A city that fights the battle of life every passing minute sings a tune that is seldom heard of: the tune of normalcy. When Pashto’s renowned contemporary poet and lyricist Fazl-e-Subhan Abid coined the celebrated phrase “Pekhawar khu Pekhawar dey kana”, I’m curious if he realised he was resonating with a a million hearts through Peshawar and all around (a famous phrase from a song ‘Pekhawar’ that gained acclaim from the public amidst the wave of terrorism at the time). It’s because this singular phrase brought to life the longing for recognition that the people of this city have long lived with.
The sense of ownership the dwellers feel for this city is parallel to none. The agony of losing the vibrancy of the city to terrorism has an accompanying effect on the intellectual landscape of the city, i.e. the avenues where ideas are debated are either closed outright or are reduced to the very private for fear of reprisal. But the story of surviving the menace of extremism always has at its core the idea of liberty to hold a different opinion. I believe it’s easy to survive, but it’s downright hard to retain and revive the things you lost to a gloom of the sort that Peshawar has been through, over the last decade or so. Reviving intellectual spaces – spaces of any size – is to me Peshawar’s singular tale in its journey to revival. I think that as long as the spirit behind the beloved lines “Pekhawar khu Pekhawar dey kana” keeps us going forward, with books, music, culture and art coming to the rescue, we can bring intellectual life back to this great city.
War sucks life out of a city, and cultural and literary activities – being the soul of any city – are the first to go
Speaking of phrases amounting to slogans of collective identity, there is the famous “Lahore Lahore Ay”. – a striking contrast, and a comparison so natural to draw, with Peshawar. In these two phrases one could view the contrasts and the simultaneous parallels the two cities share. You don’t say ‘Lahore’ and then fail to fall in the awe of the city’s inspiring love for literature and books. You just don’t. It has lived up to its own set standards of a thriving intellect and a regard for intellectual spaces. Of the many things that deserve to be mentioned, the sustained ability to let intellectual spaces operate and flourish is perhaps the most significant one. Dating back to the Mughal era and even before that, the first institution of literary gatherings was the ‘baithak’ which formally thrived under the British rule, and transformed to modern ‘cafes’ after Partition. Names like Coffee House and Pak Tea House stand out as monikers of a glorious intellectual period that the city saw. These spaces allow the collective wisdom of people to be molded into an educated and informed narrative. Book-meets, poetry slams, open houses for readers or other such activities inculcate in thinking minds an understanding of the society’s dynamics and formulates a viewpoint solely based on the purity of the written word and the sacredness of literature itself.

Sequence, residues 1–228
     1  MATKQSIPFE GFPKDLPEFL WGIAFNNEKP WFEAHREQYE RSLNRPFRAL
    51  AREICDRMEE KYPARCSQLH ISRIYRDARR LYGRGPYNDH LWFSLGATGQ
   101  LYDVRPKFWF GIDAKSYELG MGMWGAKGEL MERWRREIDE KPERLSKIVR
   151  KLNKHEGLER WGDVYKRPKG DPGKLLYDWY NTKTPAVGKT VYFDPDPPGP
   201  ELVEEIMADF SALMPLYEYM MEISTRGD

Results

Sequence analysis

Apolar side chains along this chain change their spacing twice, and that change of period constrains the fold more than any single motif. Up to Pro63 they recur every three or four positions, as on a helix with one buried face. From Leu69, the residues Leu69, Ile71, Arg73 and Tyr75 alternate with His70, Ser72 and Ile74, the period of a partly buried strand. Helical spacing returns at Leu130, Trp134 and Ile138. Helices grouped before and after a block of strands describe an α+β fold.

With trends varying over time, literary spaces might be losing their appeal to small ‘gigs’ at clubs or even private residencies. One constant, through it all, is the love for the written word. Evolution of any trend or trade is inevitable, and literature should be no exception. While the standing of literary spaces is established, one can’t possibly shun the growing influence of social Media in this regard, too. The disruptive revolution that social media is, has also sent its shockwaves through the conventional understanding of intellectual spaces. Perhaps there is an oasis of intellectual energy and passionate zeal about ideas in the atomized spaces of social media in the scores of outlets out there inviting you to come, read and basically hang out. And the take-home message is: READ! This way it’s quick, it’s easy, it’s just as good as a physical meet-up. What if one were to merge the two, though? Brilliant! A blend of social media and conventional means of literary endeavour -. combining the better parts of the two worlds which, at times, are on divergent paths.